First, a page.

'On Edge': Anxious Americans Line Up for Scarce Monkeypox Vaccines
With 19,000 cases now reported in 75 countries, the World Health Organization declared the monkeypox outbreak a global “public health emergency,” its highest level of health alert.
The day after that announcement, New York City's Bronx High School of Science opened its doors to temporarily serve as one of a handful of large-scale monkeypox vaccination sites throughout the city.
It's a public health effort that's just now picking up steam, in a city that accounts for roughly one-third of the nearly 3,600 monkeypox cases that have been confirmed so far in the United States.
Many of those on hand at the Bronx vaccination site were eager to get their jab.
“At least among my batch of friends, everyone is concerned,” William McChriston, a 28-year-old middle school administrator, said Sunday while waiting for his shot. “I mean, we live in New York City. It's the most populated place in the country, and it's the epicenter for most things that happen in this country. So you have to do what you need to do. Not just to make sure I'm safe, but also so that my partners are safe, and so the public is safe.”
The good news is the two-dose monkeypox vaccine that's now being deployed is very effective at protecting you and those you care about, said Perry Halkitis, dean of the Rutgers School of Public Health in New Jersey.
“So, if you were born before 1972 then you probably have some level of protection against monkeypox already, because you had the smallpox vaccine [which also protects against monkeypox],” he pointed out.
“But even those just getting vaccinated now will develop an immune response even after the first dose, which will make it very difficult to get infected, but also at the same time protect the people you live with, or touch, or have sex with or dance with, because you yourself have an immunity," Halkitis added.
Still, getting the vaccine isn't easy right now. In fact, many of those who braved a brutal East Coast heat wave to join the vaccination line this past weekend said even getting an appointment was a struggle.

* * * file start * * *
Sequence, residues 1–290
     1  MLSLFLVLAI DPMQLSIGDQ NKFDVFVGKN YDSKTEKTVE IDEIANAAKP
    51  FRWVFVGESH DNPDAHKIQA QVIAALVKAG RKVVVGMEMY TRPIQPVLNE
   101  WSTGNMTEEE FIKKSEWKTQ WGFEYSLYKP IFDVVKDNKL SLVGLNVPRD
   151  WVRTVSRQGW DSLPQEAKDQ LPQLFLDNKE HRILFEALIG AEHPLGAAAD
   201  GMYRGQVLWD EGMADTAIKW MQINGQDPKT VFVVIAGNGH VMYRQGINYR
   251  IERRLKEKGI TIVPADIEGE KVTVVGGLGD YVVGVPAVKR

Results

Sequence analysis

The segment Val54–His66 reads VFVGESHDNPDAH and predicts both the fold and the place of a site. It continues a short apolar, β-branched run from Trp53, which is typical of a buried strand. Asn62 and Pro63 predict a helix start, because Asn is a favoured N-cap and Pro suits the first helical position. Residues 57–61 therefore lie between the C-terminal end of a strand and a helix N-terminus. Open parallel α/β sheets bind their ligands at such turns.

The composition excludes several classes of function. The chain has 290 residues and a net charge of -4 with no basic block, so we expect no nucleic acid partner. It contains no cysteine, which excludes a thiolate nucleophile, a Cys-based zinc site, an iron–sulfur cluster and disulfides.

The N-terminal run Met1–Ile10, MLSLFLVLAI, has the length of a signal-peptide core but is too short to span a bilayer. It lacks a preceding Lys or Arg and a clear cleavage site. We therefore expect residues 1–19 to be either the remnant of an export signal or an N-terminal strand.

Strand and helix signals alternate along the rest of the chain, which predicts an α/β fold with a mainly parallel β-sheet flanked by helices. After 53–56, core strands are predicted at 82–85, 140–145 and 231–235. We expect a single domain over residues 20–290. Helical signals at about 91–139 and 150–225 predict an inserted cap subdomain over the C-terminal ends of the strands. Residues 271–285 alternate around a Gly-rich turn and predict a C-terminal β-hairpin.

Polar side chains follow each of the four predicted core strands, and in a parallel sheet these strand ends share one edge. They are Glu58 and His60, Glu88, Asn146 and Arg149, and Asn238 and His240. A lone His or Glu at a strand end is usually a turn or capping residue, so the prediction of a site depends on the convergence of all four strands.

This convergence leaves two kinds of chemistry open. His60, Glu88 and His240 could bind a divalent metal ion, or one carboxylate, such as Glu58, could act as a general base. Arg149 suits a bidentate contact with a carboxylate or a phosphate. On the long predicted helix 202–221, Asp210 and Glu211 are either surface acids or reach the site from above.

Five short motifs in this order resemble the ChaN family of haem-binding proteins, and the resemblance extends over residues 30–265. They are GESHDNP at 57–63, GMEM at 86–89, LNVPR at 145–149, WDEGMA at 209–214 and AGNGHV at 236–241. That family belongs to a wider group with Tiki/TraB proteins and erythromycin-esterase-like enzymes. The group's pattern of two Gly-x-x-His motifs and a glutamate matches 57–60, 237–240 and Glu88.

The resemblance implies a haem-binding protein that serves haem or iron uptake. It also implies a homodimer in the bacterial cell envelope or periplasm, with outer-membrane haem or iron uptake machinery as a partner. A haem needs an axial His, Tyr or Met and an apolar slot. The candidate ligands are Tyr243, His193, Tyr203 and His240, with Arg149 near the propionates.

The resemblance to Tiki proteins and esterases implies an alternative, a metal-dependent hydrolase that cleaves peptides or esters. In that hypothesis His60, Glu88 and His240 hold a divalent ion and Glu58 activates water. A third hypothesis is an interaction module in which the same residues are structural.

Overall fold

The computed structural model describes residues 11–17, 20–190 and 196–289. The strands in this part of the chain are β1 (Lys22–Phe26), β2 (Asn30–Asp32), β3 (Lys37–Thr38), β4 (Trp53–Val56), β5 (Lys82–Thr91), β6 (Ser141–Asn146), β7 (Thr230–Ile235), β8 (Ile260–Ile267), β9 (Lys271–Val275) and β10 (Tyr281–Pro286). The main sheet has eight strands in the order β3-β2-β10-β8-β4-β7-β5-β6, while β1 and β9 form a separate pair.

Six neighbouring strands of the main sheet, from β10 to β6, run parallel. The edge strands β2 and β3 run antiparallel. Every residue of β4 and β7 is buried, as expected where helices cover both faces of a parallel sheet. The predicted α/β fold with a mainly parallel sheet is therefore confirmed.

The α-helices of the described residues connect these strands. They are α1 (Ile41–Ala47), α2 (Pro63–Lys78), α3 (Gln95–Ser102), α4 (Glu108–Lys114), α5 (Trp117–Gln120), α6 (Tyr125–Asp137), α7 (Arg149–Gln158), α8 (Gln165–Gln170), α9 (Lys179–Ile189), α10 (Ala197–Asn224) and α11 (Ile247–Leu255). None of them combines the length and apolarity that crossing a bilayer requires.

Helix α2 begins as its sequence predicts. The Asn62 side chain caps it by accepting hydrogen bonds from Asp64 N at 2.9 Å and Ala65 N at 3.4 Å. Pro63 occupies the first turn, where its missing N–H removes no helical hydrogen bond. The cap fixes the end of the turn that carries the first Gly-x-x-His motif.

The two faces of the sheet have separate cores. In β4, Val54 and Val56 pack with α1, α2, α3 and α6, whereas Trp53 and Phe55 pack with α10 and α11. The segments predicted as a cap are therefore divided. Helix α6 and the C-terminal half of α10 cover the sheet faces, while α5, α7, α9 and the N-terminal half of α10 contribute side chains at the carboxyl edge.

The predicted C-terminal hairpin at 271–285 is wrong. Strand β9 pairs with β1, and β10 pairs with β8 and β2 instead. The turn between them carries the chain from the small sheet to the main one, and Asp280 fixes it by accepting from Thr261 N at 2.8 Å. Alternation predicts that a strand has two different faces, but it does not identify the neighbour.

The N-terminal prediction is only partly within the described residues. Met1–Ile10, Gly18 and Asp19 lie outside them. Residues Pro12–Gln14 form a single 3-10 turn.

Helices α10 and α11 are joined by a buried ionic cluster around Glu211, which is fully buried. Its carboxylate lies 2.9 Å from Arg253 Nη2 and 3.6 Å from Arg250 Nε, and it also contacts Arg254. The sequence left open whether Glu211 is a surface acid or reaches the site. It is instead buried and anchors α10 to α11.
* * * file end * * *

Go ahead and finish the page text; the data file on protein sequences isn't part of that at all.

“It was very frustrating,” admitted William Castro Jr., a 40-year-old health care worker and Bronx resident. “There's a lack of available vaccine. Trying to get an appointment is really difficult. Many people I know did, but only much later in August, and now they have to wait a while, which is risky. And other people I know got completely locked out this time.”
Too few shots
The reason? A critical scarcity in the availability of the two-dose Jynneos vaccine, the only vaccine that's been approved by the U.S. Food and Drug Administration to combat monkeypox. The federal government's huge strategic stockpile of a modern iteration of the original smallpox vaccine — called ACAM2000 — is considered less than ideal, given potentially serious side effects.
So, in a city of more than 8 million, only 17,000 vaccine slots were made available online or by phone last Friday at 6 p.m. Nine minutes later, all the slots were taken.
The lightning speed with which the appointments were scooped up was all the more remarkable given that — while anyone can get and transmit monkeypox — the pool of people who are eligible for a monkeypox vaccine is highly restricted.
Given supply shortages, only those that the U.S. Centers for Disease Control and Prevention has identified as high risk can sign up. Upwards of 97% of monkeypox cases to date involving men who have sex with men: That means gay men, bisexual men, and/or transgender individuals who have had multiple sexual partners over the previous two weeks, alongside public health workers and sex workers.
“This is a virus that is transmitted by close contact,” explained Carlos Rodriguez-Diaz, vice chair of prevention and community health with the Milken Institute School of Public Health at George Washington University in Washington, D.C. “It's not a sexually transmitted infection. But it is being transmitted in the context of sexual encounters. Skin to skin, physical intimacy, kissing, cuddling and yes, of course, sexual intercourse as well.”